I hit a major milestone in my grant year earlier this week: I submitted the manuscript in process to writing mentor Alison McGhee. That took a lot of work and effort on my part. It's not a complete manuscript; Alison will read a manuscript up to 60,000 words, and I think when all is said and done, mine will end up at around 75,000-85,000 words. But still, what I submitted to her is a sizable chunk of words. The photo above is a scene from my desk a week or so ago, as I worked frantically to take critiques from my writing group and implement them into the manuscript in time to turn it over to Alison. And yes, there is always, always a cup of coffee involved. Thank you, Just Coffee Half Caff.
I still have new work to generate, so I'll be busy in the 3-4 weeks it will take Alison to respond. But. I found myself thinking about strategy. Back in May, I talked a bit about my strategies for the earlier part of this year. I'm not wild about the word "strategy." It feels very corporate. It's something I find myself engulfed in while keeping my freelance career alive.
But the fact is, when I look back on that May post, it's clear that setting a strategy really helped me get where I am now. It doesn't feel romantic and creative, but damn, it worked.
So now that I'm in the last quarter of my grant year, I'm thinking ahead. This is my most unstructured quarter, other than my event this weekend. I've realized a few things: I need time away from the stories Alison is reading, so it's good they're on her desk and not mine. I need to generate some new stories. I have some started, but I need to now look at the book as a whole and see what's missing, whose story is missing. And I have to get ready for serious revision once the stories come back from Alison.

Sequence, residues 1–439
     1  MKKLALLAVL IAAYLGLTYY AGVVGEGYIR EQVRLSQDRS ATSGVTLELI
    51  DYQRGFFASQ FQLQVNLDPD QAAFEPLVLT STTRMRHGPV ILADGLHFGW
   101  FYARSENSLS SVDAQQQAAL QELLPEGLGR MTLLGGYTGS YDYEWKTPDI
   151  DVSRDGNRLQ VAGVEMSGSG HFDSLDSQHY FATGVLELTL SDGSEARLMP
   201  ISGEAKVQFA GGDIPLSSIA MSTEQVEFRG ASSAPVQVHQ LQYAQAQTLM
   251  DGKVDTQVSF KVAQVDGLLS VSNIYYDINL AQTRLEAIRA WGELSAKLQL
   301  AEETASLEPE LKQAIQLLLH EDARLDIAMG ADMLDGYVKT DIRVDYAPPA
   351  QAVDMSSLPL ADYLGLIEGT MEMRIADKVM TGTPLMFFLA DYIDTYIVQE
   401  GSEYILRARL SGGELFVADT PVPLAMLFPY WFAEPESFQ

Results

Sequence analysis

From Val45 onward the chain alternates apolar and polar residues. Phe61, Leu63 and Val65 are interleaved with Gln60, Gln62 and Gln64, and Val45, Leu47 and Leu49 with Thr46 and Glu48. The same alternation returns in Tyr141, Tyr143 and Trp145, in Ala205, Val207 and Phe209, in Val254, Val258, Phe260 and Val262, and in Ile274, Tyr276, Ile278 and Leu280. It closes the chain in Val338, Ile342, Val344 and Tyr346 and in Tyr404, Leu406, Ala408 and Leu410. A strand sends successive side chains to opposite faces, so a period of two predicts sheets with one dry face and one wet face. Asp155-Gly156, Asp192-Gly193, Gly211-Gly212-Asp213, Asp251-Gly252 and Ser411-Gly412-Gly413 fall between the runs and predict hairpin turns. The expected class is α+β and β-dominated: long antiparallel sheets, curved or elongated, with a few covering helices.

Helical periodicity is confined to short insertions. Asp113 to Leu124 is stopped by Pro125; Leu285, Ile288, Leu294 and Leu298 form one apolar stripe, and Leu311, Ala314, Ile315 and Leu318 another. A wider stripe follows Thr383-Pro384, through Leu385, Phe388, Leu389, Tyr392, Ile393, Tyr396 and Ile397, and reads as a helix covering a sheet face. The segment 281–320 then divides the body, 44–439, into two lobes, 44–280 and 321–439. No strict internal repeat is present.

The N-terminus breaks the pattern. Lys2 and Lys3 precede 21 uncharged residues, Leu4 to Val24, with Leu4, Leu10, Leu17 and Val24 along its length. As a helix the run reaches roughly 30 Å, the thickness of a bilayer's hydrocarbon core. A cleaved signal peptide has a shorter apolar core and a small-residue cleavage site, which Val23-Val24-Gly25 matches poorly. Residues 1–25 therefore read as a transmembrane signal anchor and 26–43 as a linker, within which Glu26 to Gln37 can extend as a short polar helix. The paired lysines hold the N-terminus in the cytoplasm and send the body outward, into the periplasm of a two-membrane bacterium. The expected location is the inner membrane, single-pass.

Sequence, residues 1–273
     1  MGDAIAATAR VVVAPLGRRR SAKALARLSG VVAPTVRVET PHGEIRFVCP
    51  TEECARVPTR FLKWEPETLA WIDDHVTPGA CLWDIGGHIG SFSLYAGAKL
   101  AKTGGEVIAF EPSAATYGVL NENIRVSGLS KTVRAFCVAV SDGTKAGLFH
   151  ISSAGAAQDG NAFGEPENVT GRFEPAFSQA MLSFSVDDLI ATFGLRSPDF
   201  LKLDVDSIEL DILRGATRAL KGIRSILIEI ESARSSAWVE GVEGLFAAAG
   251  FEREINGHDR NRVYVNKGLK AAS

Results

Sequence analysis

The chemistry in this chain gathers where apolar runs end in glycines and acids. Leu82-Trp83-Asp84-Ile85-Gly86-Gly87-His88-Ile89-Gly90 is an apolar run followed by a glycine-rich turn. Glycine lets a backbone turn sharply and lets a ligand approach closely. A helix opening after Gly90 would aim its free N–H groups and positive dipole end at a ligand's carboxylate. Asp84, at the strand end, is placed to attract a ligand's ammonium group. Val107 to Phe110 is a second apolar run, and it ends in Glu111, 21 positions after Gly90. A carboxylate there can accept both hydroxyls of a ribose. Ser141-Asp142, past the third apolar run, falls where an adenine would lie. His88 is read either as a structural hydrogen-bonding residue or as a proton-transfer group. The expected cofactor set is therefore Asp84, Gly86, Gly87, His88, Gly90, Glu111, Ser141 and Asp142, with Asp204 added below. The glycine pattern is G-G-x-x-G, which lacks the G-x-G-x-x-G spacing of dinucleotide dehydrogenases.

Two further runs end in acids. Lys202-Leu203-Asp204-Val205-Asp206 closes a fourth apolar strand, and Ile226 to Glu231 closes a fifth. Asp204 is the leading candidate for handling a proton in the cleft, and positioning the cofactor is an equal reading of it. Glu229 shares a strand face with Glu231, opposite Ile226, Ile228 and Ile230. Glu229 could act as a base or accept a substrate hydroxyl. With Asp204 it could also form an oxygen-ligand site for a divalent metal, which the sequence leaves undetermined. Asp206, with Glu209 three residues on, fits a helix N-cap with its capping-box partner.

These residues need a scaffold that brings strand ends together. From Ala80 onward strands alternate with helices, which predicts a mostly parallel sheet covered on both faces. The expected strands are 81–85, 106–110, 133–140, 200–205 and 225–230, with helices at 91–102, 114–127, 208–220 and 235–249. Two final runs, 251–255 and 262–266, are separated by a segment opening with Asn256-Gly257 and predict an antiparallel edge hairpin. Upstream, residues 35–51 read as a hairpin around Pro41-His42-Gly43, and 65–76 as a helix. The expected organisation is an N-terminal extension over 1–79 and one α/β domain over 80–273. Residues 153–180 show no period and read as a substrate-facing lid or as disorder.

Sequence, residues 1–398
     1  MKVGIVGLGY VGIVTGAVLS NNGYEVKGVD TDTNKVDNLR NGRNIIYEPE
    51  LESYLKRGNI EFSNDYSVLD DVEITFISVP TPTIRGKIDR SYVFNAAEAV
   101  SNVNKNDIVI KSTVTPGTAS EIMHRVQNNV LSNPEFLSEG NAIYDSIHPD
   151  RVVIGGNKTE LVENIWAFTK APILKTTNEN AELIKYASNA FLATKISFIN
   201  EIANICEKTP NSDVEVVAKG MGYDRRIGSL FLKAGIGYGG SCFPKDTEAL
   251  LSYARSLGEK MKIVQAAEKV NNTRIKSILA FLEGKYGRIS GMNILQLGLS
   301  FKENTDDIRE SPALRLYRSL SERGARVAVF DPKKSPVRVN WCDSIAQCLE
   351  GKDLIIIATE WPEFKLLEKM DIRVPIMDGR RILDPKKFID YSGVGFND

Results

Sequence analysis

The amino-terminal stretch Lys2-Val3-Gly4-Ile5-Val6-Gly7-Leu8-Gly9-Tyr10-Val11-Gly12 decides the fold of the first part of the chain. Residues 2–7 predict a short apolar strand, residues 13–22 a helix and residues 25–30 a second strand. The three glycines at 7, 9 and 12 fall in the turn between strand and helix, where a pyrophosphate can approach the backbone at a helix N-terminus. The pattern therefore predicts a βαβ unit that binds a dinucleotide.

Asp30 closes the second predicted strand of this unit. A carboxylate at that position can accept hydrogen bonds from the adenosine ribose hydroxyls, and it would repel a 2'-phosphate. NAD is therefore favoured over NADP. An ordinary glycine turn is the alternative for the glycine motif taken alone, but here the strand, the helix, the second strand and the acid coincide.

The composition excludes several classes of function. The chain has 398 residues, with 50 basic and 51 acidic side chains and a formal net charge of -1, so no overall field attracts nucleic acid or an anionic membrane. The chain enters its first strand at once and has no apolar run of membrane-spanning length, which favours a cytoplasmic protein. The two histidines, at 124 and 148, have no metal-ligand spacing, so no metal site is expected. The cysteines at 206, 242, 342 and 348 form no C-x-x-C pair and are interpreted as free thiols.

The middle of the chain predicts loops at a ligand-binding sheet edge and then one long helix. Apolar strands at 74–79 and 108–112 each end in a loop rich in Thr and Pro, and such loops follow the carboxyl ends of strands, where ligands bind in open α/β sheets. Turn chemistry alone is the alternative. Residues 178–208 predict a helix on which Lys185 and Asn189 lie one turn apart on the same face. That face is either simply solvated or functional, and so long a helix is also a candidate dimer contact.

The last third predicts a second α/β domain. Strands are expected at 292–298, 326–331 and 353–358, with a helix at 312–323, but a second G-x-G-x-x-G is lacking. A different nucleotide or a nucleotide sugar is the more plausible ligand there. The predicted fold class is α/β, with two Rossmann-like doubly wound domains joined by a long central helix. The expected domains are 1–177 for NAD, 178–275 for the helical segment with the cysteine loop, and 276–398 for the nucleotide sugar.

I've got a pretty good writing habit developed, not perfect--it'll never be perfect--and to let it lapse would be a terrible crime, and certainly a dishonor of the grant that spurred me to develop it. This week, I've been a bit lax, just noodling around in my journal rather than doing any serious writing. I think that's OK. But starting next week, I need to figure out what the next stories could be, which characters need a chance to speak yet. I'm thinking that will occupy me all of October. Once I have the critique back from Alison, I can work on a plan to continue developing the new work, so as to have a complete first draft by the end of the year, while allowing time to begin implementing her ideas.
I've also just finished reading Living Revision, and I marked several exercises that I think will be beneficial to my revisions. So that's part of my strategy too. (Good book, if you're a writer needing guidance for revision.)
It feels grownup. Which can be boring. But also useful.